by Dori Saltzman
“That’s a subway station?” my friend asked incredulously as she flipped through the photos of my trip to Athens. The photos which triggered her curiosity were a series of glass display cases filled with ancient pottery and figurines. The cases were located in one of the Athens’ metro stations, recently built for the Olympics.
The building of the Athens metro unearthed a great deal of the old city, upon which modern Athens is built. Instead of moving everything into museums, the city decided to leave much of what was discovered where it was found – underground.
Many of the metro stations feature displays of ancient artifacts. The largest display is at the Syntagma Station. There are about ten display cases, including a wall sized display of a cross-section of the ground as it was excavated. Inside the cross-selection is a grave site complete with skeleton.
More than just clay vessels and grave sites were found however. During the digging of a ventilation shaft for Athens’ new metro the remains of an ancient Roman bath were found directly beneath one of the city’s main boulevards. The ventilation shaft was moved to another spot and the remains were excavated. Now pedestrians walk past the glass-enclosed remains, a reminder of their ancient past.
Had the Olympics not come to Athens, it is improbable that a metro would have been built, and the Roman bath would have remained buried. The Olympics brought the city a much improved infrastructure, and unearthed many remnants of the ancient past. Both local Athenians and tourists now have more to see in Athens, and can get around easier – thanks to the Olympics.
Among the metro stations with displays are the Syntagma, Acropolis, Panepistimio (Museum of the City of Athens) and Dafni stations on the Red line, and Evangelismos Station (National Gallery stop) on the Blue line.
Here’s what you can see along the new metro lines.
Metro Line 1, or the green line, links the National Archaeological Museum, the Keramikos Museum, and the Museums of Islamic Art and Traditional Pottery.
The National Archaeological Museum is the city’s largest museum, and features a treasure trove of classical artifacts. The extensive collection of Greek statuary is one of the museum’s highlights. The Keramikos Museum specializes in funerary art and artifacts.
One of the most unique museums in Athens is the Museum of Islamic Art. The museum covers thirteen centuries of art dating from pre-Islamic times and the birth of Islam through the Ottoman era.
Right nearby is the Museum of Traditional Pottery which features exhibits and documentary films on the art of Greek pottery. Every Saturday a traditional potter demonstrates the process of pottery making using the traditional foot-operated wheel.
The green line also links the neighborhood of Psiri (Athens’ happening night life area) to the port area of Piraeus (both one-day island cruises, and major cruise lines dock at Piraeus), as well as the Peace & Friendship Stadium and the Piraeus Stadium – both used for soccer and basketball games.
Metro Line 2, or the red line, links most of Athens’ major classical sites including the Temple of Olympic Zeus, the Acropolis, and the Theatre of Dionysos. Also along the red line are the National History Museum, which traces Greek history from the fall of Constantinople to World War II, and the Museum of the City of Athens.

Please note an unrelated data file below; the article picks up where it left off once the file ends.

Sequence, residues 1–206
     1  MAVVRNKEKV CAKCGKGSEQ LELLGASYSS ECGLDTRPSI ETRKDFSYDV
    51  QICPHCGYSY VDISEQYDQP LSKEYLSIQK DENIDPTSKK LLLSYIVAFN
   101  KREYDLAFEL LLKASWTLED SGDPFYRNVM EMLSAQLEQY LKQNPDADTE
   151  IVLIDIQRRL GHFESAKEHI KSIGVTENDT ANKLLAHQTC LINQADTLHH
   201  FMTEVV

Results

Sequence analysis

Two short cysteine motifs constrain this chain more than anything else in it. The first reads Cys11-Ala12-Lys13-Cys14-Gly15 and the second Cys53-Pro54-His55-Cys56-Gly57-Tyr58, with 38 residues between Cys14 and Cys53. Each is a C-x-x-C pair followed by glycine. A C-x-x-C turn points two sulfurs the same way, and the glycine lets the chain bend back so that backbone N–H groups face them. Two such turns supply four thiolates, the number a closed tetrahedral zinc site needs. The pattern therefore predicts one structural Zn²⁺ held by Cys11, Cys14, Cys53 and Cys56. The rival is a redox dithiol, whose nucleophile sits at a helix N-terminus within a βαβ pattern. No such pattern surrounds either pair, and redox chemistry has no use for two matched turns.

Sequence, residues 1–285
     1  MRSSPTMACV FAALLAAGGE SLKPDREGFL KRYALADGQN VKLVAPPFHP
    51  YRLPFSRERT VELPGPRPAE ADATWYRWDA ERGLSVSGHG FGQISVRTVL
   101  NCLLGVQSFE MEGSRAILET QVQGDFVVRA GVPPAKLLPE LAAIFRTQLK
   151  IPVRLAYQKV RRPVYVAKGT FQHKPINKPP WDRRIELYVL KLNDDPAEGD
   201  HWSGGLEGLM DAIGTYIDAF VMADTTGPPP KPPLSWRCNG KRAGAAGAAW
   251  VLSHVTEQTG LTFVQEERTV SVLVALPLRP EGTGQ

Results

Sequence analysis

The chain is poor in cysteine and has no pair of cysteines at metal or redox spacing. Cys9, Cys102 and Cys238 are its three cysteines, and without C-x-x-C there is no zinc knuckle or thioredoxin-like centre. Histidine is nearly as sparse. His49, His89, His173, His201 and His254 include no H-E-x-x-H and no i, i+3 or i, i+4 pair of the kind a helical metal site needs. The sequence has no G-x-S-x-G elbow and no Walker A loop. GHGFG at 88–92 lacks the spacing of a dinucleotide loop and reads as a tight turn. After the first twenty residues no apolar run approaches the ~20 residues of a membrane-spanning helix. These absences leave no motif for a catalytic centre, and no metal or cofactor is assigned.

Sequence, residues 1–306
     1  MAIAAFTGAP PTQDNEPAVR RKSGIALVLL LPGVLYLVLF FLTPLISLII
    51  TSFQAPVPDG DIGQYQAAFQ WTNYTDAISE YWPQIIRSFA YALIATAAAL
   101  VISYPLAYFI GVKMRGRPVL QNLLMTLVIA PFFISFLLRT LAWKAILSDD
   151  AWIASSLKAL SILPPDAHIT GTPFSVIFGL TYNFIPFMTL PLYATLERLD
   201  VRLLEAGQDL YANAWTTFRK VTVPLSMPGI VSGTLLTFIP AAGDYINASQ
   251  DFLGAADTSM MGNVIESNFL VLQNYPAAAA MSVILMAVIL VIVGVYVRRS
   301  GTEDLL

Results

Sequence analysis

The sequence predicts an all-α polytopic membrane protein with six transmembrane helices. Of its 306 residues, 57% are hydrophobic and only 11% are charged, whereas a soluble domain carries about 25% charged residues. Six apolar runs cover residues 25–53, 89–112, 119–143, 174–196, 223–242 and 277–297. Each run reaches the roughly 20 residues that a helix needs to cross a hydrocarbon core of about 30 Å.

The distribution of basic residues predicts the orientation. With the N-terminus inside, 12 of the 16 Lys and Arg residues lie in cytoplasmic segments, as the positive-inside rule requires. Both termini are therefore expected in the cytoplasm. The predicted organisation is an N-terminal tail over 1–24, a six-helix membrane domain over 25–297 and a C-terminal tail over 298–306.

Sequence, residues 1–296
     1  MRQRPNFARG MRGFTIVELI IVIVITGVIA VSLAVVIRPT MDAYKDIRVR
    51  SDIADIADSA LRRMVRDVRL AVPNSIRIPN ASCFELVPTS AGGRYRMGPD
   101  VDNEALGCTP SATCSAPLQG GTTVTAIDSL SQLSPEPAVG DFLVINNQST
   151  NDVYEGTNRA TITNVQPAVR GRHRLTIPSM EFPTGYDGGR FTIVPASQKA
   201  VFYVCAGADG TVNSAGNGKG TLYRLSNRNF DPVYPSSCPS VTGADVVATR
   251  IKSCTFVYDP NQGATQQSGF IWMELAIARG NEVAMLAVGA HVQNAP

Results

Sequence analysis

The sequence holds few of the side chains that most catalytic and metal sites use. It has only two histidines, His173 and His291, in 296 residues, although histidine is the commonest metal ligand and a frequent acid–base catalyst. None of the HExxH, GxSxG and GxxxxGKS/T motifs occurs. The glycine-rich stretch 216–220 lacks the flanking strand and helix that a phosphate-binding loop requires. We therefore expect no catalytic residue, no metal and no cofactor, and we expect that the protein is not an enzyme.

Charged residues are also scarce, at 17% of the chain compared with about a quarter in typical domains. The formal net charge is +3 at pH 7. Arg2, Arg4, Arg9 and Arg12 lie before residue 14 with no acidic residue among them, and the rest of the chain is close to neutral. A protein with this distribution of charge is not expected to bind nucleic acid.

The central station along the red line is Syntagma Square, the entrance to the shopping mecca of the Plaka neighborhood. Hidden amidst the numerous boutiques on Plaka’s narrow streets are several small Byzantine churches including St. Catherine’s, St. Nicodemu’s and St. Nichola’s.
Metro Line 3, or the blue line, is best used for transferring between the red and green lines, though it does stop near the Ancient Agora and the Byzantine and Christian Museum as well.
Due to be relocated to a more modernized location nearby, the Byzantine and Christian Museum features a large collection of icons, sculptures, miniatures, frescoes, ceramics, textiles and manuscripts.
The blue metro line also links the Athens airport to the city center. The journey takes a little over an hour but makes getting to and from the airport by public transport much easier.
The Metro wasn’t the only Olympic addition to Athens. A new tram way linking the city center with some of the coastal suburbs, and over 100 miles of new highway were also added.
The most important site along the tram is the Panathinaikon Stadium, the site of the first modern Olympic games.
The tram is especially helpful for visitors wanting to hit Athens’ stunning beaches. To get there you just need to hop on the tram line at Syntagma Square and get off at the Olympic Beach Volleyball Centre stop. The Volleyball Centre is closed, but right next door is one of Athens’ best beaches.
Another bonus provided by the Olympics was an overhaul of many of Athens’ museums, including the National Archaeology Museum which updated their displays and made many of them interactive. The Museum of Pottery also upgraded its exhibits.
In addition, hotels, from elite properties like the Intercontinental Athenaeum, Grande Bretagne and Titania, to lesser known hotels, all improved their facilities in order to entice Olympic visitors to choose their hotel.
About the author:
This week Traveling Tales welcomes freelance travel writer, Dori Saltzman, who makes her home in Scotch Plains, New Jersey
About the photos:
1: Antiquities on display throughout the Syntagma Metro station.
2: Overview of the underground Roman bath
3: The most famous site in Athens is the Parthenon